Wednesday 1st September 2010
Summary of the 2010 Claim for Nurse Staffing Ratios and Skill Mix for Safe Patient Care.
The NSWNA submitted an interim claim for nurse staffing ratios and skill mix to NSW Health in June, and has been visiting members in workplaces across NSW to consult and validate the claim.
The nurse staffing ratios claim is part of the 2010 Claim for a new Award for public health system nurses and midwives.
The claim contains models developed by the NSWNA for nurse-to-patient ratios and tools for the following specialties: medical, surgical, emergency, palliative care, rehabilitation, inpatient mental health, community health, community mental health and operating theatres.
The claim for each nursing specialty is tailored to the particular nursing requirements of patients and relevant environmental factors.
The nurse-to-patient ratios claim replaces the current Award mechanism to regulate workloads – ‘the General Workload Calculation Tool’ (GWCT), which now only covers 30% of medical/surgical wards and does not provide a comprehensive model to ensure the right numbers of nurses and skills are available on all shifts and wards.
NSWNA General Secretary Brett Holmes said: ‘When we developed the General Workload Tool in 2004 we were clear that if it didn’t work we would pursue nurse-to-patient ratios. With the Award coming to an end, we sought to seize the opportunity to find a way to ensure our members have enough resources with the right skill mix to provide safe patient care.’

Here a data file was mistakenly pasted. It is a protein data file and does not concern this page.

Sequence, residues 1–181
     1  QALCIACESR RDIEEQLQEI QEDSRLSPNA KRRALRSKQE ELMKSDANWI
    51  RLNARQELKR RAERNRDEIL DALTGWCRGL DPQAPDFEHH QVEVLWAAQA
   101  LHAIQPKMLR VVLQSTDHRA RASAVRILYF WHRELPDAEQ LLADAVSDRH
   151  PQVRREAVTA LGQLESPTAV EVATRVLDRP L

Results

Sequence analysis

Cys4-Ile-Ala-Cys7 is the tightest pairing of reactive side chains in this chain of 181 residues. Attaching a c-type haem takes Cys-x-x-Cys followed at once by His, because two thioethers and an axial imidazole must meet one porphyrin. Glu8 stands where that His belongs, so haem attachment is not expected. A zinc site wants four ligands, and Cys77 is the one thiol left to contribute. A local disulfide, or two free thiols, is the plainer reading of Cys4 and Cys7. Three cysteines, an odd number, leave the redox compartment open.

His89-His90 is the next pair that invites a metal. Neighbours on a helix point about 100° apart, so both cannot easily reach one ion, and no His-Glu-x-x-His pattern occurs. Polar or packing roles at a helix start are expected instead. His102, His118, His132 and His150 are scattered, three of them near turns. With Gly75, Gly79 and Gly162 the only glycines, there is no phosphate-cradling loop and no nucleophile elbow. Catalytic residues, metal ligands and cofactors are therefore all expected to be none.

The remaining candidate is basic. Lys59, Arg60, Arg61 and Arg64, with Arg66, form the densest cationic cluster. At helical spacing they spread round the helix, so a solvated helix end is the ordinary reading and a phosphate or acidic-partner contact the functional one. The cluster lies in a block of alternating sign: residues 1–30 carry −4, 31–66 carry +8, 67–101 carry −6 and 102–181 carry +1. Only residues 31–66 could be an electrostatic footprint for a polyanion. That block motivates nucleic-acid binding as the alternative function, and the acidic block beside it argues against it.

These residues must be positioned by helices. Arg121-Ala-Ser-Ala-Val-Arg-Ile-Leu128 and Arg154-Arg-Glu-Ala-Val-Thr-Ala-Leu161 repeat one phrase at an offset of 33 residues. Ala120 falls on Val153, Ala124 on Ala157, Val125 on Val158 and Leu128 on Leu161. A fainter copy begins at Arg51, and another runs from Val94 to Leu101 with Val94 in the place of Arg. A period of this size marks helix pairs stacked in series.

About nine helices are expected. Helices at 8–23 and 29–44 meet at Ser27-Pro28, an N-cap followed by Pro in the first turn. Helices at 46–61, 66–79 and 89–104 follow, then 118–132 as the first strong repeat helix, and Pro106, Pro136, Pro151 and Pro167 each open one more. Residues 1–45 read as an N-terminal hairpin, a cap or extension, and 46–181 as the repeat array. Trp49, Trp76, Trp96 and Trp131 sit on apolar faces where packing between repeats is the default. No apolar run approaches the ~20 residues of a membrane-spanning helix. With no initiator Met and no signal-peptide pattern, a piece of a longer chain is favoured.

Ensuring adequate staffing and skill mix for safe patient care
The nurse staffing ratios claim would ensure a mandated base number of nurses on a shift but it also has sufficient flexibility to factor in skill mix and acuity.
The claim provides the ratio of nurses to patients for each morning, afternoon and evening shift, with variations according to your ward or unit’s specialty area and peer group (these are set by NSW Health).
With nurse-to-patient ratios, all absences from the roster of clinical nursing staff will be replaced or backfilled by an employee of the same Award classification to ensure the quality and safety of patient care, and the necessary budget provision for this to occur should be made.
There may be situations where a ward has staffing above that suggested by our claim. In these cases, the claim states that those numbers cannot be reduced.
The staffing ratio does not include support positions or classifications such as: Nursing Unit Manager, Clinical Nurse Educator, Clinical Nurse Consultant, Nurse Practitioner, administrative support staff and wardspersons. These would be employed in addition to the nurses ratio.
In addition to the RN ratio, the claim provides that a proportion of CNEs must be employed for a certain number of nurses. CNEs should be rostered on seven days of the week over each roster period.
The claim also provides a consultation process regarding the introduction of AiNs to the roster for any ward or unit. It includes provision to ensure Nursing Unit Managers have the delegated authority to make the ?nal decision about whether patient care can be maintained with an AiN role as part of the unit’s skill mix. This means if the NUM believes AiNs can enhance the nursing care for that unit then they can employ one but there cannot be more than one AiN per shift. No AiNs are to be rostered in emergency, palliative care or inpatient mental health units or wards.
The Safety in Numbers document on the NSWNA website explains which peer group your hospital belongs to, and provides the complete details of the nurse staffing ratio claim for your specialty area and peer group.
The claim includes provisions for skill mix to ensure the delivery of safe patient care: